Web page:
The Edison Electrical Institute (EEI), an 80-year-old organization of U.S. shareholder-owned electric companies, announced its finalists for its 2013 Edison Award this week. With leadership, innovation, and progress as the criteria, let's take a look at their top two publicly traded picks to see if there might be growth opportunities in this dividend stock sector.
American Electric Power
AEP (NYSE: AEP ) elated EEI with the successful completion of its "clean coal" John Turk, Jr. Power Plant. The 600 MW $1.7 billion facility is no small investment, but this dividend stock expects it to pay dividends in the coming years.
With its "advanced ultra-supercritical steam cycle technology" (an award-attracting name if I've ever heard one), the facility will squeeze more power (39% efficiency) out of low-sulfur coal to keep carbon emissions to a minimum.
While the technology itself is impressive, EEI's notes on the finalist hint that regulatory battles may have been the real win for this utility. The Institute's press release notes that "AEP successfully navigated seven years of construction, scheduling, and legal and regulatory challenges by utilizing innovative project management techniques and effective communication, negotiation, and advocacy to finish the new power plant."
Balancing old energy with new, EEI's other publicly traded finalist is NextEra Energy (NYSE: NEE ) , the nation's largest producer of renewable energy. The institute gave kudos to NextEra for its 1,500 MW of new wind commissions in the past year, a move that is contributing substantially to wind power's increasing production.
The utility operates more than 100 wind facilities across the country and is constantly looking to increase efficiency through economies of scale and technological advancements. When General Electric (NYSE: GE ) announced two weeks ago that it had created the largest, most efficient wind turbine to date, NextEra ordered up 59 for its newest farm.
Although the dividend stock now has more than 10,000 MW in wind commissions, it's balancing its renewables portfolio with nuclear generation. EEI also applauded NextEra for the successful completion of a multiyear, multisite, multibillion-dollar uprate project. The modernization efforts added 500 MW to NextEra's nuclear capacity, exceeding expectations by 25%. The uprates equate to an 8.5% increase in nuclear capacity, or a 1.2% increase in NextEra's overall 42,000 MW portfolio.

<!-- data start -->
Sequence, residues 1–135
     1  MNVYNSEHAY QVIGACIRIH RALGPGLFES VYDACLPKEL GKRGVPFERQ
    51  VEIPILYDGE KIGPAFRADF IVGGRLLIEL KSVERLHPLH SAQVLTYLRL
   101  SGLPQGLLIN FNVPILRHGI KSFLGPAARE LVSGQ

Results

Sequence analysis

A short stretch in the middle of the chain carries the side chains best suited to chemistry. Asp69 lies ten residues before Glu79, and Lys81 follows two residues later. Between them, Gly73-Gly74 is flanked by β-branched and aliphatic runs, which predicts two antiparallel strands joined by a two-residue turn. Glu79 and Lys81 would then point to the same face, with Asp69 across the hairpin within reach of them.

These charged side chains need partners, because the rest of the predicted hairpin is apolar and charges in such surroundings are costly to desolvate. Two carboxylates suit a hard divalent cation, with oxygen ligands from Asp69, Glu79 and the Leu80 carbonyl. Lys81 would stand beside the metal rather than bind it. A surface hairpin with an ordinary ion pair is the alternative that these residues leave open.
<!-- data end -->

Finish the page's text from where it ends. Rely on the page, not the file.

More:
Do awards = earnings?
Dividend stocks have been on a tear for most of 2013, with the Dow Jones U.S. Utilities Index hitting 18% gains at the start of May. But as worries over overvaluation have crept into the sector, gains have headed down this month. While the Dow Jones Industrial Average (DJINDICES: ^DJI ) is currently clocking 16.8% gains for 2013, utilities are reduced to a 12.5% rise.
And although AEP and NextEra are hovering above other utilities, their shares also took a dip this month.
Awards aren't going to guarantee earnings overnight, but EEI's finalists point to fundamentals that any individual investor should seek out in their dividend stock picks. Leadership, innovation, and progress point to underpinnings of potentially exceptional companies, regardless of coal, wind, or nuclear specializations.
Investors can ignore the pomp and circumstance, but taking note of EEI's awards is another point for a well-informed portfolio.
Awards aside, NextEra isn't alone in its nuclear notions. As the nation moves increasingly toward clean energy, Exelon is perfectly positioned to capitalize on having the largest nuclear fleet in North America. This strength, combined with an increased focus on balance sheet health and its recent merger with Constellation, places Exelon and its resized dividend on a shortlist of the top utilities. To determine if Exelon is a good long-term fit for your portfolio, you're invited to check out The Motley Fool's premium research report on the company. Simply click here now for instant access.e